Good advice from my fellow investors above! Definitely do not want to sell No Money Down. Less likely to sell the note to anyone who knows what they are doing. Also, you need to get a Texas Instrument BA II Plus and learn how to use it! If you can find a book online called ‘Invest in Debt’ by Jimmy Napier, it will be most valueable and the best $10 investment you could make!

Selling a partial is always better than the full 30 years. When you learn to use the calculator, you will find that the difference in present value (PV) is only a few thousand dollars between selling 15 years vs. 30 years. Keeping the back end gives you many options including:

  1. first right of refusal to buy back in event of default from buyer.
  2. cash windfall profit when property sells.
  3. another sale of the back 15 years on the note at a high price (in 15 years) and it will have 15 years of seasoning, which will get you a higher price too!!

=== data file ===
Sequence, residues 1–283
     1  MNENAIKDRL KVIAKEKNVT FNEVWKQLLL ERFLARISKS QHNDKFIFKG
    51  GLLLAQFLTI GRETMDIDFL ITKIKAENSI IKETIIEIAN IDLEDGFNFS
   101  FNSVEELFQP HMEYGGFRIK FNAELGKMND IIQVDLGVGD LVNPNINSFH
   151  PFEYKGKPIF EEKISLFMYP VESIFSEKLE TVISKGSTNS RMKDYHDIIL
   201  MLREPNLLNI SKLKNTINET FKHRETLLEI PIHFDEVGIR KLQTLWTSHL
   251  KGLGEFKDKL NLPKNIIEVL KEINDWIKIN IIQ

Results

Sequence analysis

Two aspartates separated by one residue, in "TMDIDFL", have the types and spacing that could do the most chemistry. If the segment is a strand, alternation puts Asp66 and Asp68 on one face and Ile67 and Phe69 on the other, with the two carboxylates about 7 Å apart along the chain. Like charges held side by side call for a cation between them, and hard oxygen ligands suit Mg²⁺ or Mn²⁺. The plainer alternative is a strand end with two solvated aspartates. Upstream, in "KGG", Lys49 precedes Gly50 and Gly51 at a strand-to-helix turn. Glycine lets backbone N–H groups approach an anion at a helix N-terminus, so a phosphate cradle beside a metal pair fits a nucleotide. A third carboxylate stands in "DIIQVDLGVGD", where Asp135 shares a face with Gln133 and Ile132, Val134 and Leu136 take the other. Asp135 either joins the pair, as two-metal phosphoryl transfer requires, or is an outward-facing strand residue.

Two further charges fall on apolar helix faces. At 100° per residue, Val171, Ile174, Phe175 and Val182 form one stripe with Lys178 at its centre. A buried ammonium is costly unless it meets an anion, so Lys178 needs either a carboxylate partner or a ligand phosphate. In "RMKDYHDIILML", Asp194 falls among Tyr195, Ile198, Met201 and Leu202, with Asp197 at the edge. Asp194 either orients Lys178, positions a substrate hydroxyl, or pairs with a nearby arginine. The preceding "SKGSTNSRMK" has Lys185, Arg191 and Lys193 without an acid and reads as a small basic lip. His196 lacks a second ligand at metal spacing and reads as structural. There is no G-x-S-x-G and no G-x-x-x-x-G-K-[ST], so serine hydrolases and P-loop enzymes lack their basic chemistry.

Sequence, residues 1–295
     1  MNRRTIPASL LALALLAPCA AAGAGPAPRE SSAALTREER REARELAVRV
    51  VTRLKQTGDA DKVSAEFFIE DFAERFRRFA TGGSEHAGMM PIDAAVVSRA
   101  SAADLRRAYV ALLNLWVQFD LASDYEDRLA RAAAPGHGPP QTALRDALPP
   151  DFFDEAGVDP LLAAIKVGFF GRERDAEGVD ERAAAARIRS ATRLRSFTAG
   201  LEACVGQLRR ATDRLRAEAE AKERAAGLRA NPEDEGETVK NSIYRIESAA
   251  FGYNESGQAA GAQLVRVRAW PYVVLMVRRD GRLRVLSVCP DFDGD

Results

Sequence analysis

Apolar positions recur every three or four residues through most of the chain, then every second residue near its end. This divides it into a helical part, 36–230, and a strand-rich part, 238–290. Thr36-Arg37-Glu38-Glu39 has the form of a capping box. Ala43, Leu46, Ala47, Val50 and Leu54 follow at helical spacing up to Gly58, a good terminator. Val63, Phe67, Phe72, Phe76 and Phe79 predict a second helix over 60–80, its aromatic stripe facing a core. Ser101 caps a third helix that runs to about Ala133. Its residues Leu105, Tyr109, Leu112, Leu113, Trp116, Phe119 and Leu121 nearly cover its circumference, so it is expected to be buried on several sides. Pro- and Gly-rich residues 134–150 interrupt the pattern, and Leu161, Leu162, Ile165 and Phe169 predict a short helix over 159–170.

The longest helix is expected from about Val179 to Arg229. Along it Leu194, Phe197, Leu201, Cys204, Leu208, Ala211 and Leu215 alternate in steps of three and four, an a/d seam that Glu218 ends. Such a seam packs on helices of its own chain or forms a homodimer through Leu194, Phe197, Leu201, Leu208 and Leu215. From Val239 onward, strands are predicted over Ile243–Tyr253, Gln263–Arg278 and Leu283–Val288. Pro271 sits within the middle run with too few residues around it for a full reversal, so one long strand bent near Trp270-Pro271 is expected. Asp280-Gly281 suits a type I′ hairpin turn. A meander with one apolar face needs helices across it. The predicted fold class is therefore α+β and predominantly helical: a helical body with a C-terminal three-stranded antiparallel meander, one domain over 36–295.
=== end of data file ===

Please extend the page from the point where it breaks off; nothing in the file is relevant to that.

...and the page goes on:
4. In event of default, you can buy back at the balance due of the partial note that was sold, resell the property at full price and receive another major profit.

I just did that recently. Sold a mobile home and land package for $44k with $3k down. The property only cost me $25k. Sold 20 years of a 30 year note for $28k. That left me with $6k in profit ( down payment and proceeds of sale from note after cost) and a secured interest in the last 10 years of the note. Many years later, the owners defaulted and the note buyer foreclosed. They call me 1st to ask if I wanted to buy it back. There was a $20k balance owed to the note buyer (round figures). I inspected the property and told them yes! Put an ad in as a ‘handy man special’ and sold it for $29k in less than 2 weeks. Used the proceeds to pay off the note buyer and pocketed $9k!

Always keep back ends of notes and learn how to use a cash flow calculator…it will earn you lots of money!

Hope this helps.

R.E. Investor/Mentor


Thanks for all the great advice! I’ve read the owner will carry ebook from this site and it is probably the best real estate freebie I’ve gotten so far. I’ve also ordered the Invest in Debt book from Jimmy Napier. Waiting for that to arrive.